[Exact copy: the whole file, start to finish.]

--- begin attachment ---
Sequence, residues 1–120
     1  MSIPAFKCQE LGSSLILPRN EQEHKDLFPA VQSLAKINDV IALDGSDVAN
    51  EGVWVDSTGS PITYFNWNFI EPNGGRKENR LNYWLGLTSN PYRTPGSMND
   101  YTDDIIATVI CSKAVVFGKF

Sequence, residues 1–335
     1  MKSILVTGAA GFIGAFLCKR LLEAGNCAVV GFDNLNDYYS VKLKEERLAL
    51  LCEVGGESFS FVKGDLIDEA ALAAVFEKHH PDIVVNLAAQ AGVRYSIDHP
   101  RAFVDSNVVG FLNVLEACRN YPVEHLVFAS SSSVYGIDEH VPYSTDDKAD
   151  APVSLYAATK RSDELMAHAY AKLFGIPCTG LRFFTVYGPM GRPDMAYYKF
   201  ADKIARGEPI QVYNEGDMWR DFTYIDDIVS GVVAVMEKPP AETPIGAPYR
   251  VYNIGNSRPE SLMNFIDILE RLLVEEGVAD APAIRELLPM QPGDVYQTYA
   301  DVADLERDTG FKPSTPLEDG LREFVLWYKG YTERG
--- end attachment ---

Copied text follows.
Sequence, residues 1–120
     1  MSIPAFKCQE LGSSLILPRN EQEHKDLFPA VQSLAKINDV IALDGSDVAN
    51  EGVWVDSTGS PITYFNWNFI EPNGGRKENR LNYWLGLTSN PYRTPGSMND
   101  YTDDIIATVI CSKAVVFGKF

Sequence, residues 1–335
     1  MKSILVTGAA GFIGAFLCKR LLEAGNCAVV GFDNLNDYYS VKLKEERLAL
    51  LCEVGGESFS FVKGDLIDEA ALAAVFEKHH PDIVVNLAAQ AGVRYSIDHP
   101  RAFVDSNVVG FLNVLEACRN YPVEHLVFAS SSSVYGIDEH VPYSTDDKAD
   151  APVSLYAATK RSDELMAHAY AKLFGIPCTG LRFFTVYGPM GRPDMAYYKF
   201  ADKIARGEPI QVYNEGDMWR DFTYIDDIVS GVVAVMEKPP AETPIGAPYR
   251  VYNIGNSRPE SLMNFIDILE RLLVEEGVAD APAIRELLPM QPGDVYQTYA
   301  DVADLERDTG FKPSTPLEDG LREFVLWYKG YTERG